Earlier this year, Spotify partnered with the membership platform Patreon, allowing podcasters to publish their subscriber-only premium content on Spotify. The said integration built on the Spotify Open Access platform is now live for all creators after months of testing, the Swedish music streaming service announced today.
Patreon is used by many creators to earn extra income by offering exclusive paid content to their fans. According to its website, the platform had over 260,000 creators onboard at the time of writing. Premiums subscribers of a creator can listen to exclusive content directly on the Patreon app or through their app of choice using RSS feeds.
The integration will allow users to stream Patreon content through the Spotify app by linking their respective accounts. Similarly, creators will also have to link their accounts to put subscriber-only content on Spotify.
After syncing accounts, all Patreon-exclusive episodes will appear on a dedicated page on their Spotify creator profile. Here, episodes will carry identifiers such as a lock icon or a "paid" label. Creators can promote their members-only content using banners and non-subscribers will get pop-ups to become paying members to access premium content.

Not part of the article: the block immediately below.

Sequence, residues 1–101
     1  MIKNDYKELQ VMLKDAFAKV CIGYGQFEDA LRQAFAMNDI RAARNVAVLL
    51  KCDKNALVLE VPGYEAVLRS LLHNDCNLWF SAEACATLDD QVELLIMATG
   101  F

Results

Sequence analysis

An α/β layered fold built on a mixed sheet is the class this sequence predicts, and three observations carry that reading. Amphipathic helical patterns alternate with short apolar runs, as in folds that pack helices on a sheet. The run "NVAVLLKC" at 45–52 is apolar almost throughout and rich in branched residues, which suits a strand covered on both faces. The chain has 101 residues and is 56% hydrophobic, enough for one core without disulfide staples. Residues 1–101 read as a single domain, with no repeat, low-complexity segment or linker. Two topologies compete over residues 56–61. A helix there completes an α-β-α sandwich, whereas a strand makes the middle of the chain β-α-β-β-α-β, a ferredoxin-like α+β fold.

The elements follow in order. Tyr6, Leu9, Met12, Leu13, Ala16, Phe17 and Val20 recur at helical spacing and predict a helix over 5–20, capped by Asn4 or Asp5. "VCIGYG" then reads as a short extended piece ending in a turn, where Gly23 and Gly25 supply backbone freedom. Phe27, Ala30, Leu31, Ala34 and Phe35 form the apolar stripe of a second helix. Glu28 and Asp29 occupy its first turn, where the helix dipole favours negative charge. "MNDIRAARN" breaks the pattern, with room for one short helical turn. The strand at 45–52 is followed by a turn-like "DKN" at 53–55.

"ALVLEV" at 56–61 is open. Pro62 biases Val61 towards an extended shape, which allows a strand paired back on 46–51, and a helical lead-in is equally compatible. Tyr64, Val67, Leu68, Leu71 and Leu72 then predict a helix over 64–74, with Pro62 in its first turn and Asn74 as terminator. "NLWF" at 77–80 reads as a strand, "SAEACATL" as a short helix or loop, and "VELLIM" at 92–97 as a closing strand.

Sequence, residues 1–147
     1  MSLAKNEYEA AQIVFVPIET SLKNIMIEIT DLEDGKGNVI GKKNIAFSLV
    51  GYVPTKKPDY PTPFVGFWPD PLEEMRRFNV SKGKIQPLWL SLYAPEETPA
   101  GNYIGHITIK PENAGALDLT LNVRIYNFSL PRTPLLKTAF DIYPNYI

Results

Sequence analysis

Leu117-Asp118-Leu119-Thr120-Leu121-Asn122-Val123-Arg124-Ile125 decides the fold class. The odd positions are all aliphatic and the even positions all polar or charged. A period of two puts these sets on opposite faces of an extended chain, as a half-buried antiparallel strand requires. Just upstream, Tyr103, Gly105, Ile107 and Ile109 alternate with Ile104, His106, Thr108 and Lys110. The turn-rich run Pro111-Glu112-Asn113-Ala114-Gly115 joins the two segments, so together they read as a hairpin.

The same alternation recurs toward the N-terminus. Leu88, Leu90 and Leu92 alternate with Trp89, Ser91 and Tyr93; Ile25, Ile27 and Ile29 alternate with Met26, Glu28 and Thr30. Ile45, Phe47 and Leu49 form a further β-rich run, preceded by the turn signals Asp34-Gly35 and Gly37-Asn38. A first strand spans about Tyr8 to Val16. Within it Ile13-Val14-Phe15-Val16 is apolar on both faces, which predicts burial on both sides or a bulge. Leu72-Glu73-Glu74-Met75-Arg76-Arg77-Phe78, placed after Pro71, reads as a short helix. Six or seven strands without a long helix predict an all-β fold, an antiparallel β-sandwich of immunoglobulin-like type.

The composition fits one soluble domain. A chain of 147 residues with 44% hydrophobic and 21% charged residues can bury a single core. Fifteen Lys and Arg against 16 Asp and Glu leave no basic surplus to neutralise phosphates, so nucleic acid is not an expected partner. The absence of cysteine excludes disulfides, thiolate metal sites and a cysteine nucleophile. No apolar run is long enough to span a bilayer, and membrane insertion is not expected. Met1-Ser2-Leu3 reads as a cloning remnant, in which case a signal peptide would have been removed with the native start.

Spotify Open Access allows its partners to publish podcast content on Spotify and limit its access to those who are their subscribers. The company has been onboarding publishers and third-party services since 2021.
"This [integration] strengthens the direct connection between creators and their most valuable fans. Creators can provide more to their members by offering more listening options. And they’re getting broader exposure to potential fans through Spotify," said Patreon Product Manager Eric Fong in a conversation.
In recent news, Spotify expanded its AI DJ feature to 50 markets across the globe. The streaming service revealed in its Q2 earnings results that the number of its paid subscribers reached 220 million and the monthly active users crossed the 551 million mark. However, this came alongside its intentions of pulling more money out of users' pockets every month.